The UK Gambling Commission has suspended the operating and software licenses of Capen Ltd, a charity lottery operator.
The Commission, which is responsible for regulating all gambling in the United Kingdom, announced the news this week, revealing that it had suspended the gambling company’s licenses under section 116 of the Gambling Act 2005 which states that the Commission can launch a review into a licensee if it belives the operator is breaking its license conditions.
As part of the immediate suspension, the UK Gambling Commission has launched a review into the website, but Capen has seemingly been allowed to continue operating in the UK.
Capen, which was founded by Simon Rydings, operates The Little Lottery, Zaffo, and The Sports Lotto websites which run lotteries. As reported by iGaming Business, Capen also runs raffle draws through which most sites donate a percentage of funds to various charities.
A statement on the UK Gambling Commission website confirming the suspension reads: “The review follows concerns that activities may have been carried out contrary to the Gambling Act, not in accordance with a condition of their license and that the Licensee may be unsuitable to carry on the licensed activities.”
Capen’s suspension is one of the latest by the imposed by the UK Gambling Commission as part of the regulator’s efforts in raising standards within the online gambling industry. In 2020, the Commission suspended the licenses of Dynamic, Sportito, Stakers, Triplebet, and suspended Genesis Global Limited’s operating license in July before lifting it in October.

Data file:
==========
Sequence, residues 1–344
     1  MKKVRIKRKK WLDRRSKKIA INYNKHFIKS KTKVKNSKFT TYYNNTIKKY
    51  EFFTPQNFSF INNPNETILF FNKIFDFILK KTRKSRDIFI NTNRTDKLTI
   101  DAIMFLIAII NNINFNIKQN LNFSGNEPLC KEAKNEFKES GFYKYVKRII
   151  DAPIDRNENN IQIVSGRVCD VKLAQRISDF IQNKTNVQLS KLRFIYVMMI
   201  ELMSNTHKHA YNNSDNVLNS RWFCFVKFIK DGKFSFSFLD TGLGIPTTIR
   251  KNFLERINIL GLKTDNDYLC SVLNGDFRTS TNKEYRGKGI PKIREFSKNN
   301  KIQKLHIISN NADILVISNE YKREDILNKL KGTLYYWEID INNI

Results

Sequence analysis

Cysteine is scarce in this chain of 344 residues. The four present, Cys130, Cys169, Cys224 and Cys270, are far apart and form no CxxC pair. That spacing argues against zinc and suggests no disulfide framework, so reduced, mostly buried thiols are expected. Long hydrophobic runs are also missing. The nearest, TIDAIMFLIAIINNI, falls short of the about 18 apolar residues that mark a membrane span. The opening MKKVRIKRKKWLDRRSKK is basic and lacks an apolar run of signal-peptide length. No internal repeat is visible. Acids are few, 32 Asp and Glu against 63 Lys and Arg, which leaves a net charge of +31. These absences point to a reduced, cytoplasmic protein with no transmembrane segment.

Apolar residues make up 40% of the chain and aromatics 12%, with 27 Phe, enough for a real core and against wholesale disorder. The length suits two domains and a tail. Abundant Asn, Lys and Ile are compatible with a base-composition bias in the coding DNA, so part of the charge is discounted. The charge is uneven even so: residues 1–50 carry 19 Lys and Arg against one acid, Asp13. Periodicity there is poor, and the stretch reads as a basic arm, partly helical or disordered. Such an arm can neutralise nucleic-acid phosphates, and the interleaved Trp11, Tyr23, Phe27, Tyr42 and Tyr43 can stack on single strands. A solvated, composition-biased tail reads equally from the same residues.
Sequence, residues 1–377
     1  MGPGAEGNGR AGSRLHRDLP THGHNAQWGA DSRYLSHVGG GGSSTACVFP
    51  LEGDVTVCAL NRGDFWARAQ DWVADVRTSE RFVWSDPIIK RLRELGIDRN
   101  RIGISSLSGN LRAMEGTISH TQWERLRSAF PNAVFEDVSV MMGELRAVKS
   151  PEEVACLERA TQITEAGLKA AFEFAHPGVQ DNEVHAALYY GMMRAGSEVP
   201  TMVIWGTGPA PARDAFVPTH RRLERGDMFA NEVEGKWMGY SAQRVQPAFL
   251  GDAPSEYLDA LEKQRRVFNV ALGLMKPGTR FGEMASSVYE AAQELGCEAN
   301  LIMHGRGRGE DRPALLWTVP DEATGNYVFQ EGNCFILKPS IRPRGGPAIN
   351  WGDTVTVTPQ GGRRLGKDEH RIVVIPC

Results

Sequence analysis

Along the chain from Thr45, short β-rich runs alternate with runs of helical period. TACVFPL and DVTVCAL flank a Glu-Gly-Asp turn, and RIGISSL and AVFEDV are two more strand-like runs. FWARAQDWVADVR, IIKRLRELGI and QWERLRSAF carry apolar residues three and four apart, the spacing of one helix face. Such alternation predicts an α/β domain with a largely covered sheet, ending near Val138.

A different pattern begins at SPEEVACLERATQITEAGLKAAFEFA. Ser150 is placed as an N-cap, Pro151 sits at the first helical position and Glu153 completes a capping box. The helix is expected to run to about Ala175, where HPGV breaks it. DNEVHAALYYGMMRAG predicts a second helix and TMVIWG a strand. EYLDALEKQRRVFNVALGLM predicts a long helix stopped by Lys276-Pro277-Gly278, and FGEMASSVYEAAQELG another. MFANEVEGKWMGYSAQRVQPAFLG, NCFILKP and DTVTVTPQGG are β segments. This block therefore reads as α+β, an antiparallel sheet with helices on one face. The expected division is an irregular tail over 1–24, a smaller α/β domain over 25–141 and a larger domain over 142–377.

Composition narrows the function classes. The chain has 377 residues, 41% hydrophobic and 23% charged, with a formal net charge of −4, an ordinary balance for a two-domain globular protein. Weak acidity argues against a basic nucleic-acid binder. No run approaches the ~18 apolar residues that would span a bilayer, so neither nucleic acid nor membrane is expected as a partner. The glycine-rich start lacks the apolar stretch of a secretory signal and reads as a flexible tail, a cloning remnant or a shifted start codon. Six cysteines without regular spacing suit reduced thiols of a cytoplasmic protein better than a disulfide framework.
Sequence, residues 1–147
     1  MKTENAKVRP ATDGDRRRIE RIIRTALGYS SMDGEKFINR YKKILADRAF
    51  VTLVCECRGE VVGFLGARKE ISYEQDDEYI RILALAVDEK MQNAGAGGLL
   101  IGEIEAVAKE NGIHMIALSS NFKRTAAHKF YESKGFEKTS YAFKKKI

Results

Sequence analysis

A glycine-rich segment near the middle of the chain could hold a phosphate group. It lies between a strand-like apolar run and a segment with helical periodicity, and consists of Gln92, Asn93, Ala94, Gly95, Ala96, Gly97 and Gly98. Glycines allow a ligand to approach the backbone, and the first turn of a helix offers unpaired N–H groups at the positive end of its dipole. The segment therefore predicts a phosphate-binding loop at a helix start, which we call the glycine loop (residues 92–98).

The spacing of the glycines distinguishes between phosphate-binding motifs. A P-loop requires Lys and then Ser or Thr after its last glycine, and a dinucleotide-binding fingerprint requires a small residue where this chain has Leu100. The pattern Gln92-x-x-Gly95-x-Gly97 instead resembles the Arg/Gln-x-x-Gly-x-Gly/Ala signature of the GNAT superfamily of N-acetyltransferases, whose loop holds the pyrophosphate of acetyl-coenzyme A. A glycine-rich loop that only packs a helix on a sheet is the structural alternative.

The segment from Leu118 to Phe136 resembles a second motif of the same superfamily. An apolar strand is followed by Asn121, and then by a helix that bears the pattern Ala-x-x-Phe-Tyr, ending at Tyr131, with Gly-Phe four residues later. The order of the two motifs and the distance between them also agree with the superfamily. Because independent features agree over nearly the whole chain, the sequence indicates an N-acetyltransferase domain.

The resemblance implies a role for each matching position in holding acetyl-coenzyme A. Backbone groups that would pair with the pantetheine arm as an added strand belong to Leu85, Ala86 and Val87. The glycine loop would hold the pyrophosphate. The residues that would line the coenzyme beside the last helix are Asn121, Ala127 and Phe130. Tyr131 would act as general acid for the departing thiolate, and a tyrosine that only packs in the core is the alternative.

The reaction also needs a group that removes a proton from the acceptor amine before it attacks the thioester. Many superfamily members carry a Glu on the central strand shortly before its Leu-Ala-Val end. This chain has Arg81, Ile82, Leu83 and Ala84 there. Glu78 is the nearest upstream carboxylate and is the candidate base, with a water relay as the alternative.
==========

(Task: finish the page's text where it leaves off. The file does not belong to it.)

The news comes as the UK Government has launched its review of the Gambling Act 2005. As we’ve already reported, the Department for Digital, Culture, Media and Sport (DCMS) is looking at tightening online gambling rules, banning sports sponsorships, and providing the UK Gambling Commission with new powers.
The gambling law review has begun with a call for evidence which will run until March 31, 2021. In a statement responding to news of the review’s launch, Gambling Commission CEO Neil McArthur said:
“We welcome the government’s Review of the Gambling Act which will also consider our powers and resources. Our job is to make gambling safer, and the Review creates an opportunity to build on the progress we have made to protect players and the public – such as strengthened age and identity verification, strict new guidance for so-called VIP schemes and banning gambling with credit cards.
“As the statutory adviser to the Secretary of State we look forward to contributing our advice to help with the government’s Review, and we will continue our close working relationship with DCMS as the Review proceeds.”
He added: “We’ve made it clear to gambling operators that we will continue to work at pace to take action to protect consumers while the Review of the Gambling Act is underway.”
Also this week, charity GambleAware published the findings of its secondary analysis of a 2019 survey conducted by YouGov which looked into the differences in gambling behaviours between BAME and white adults.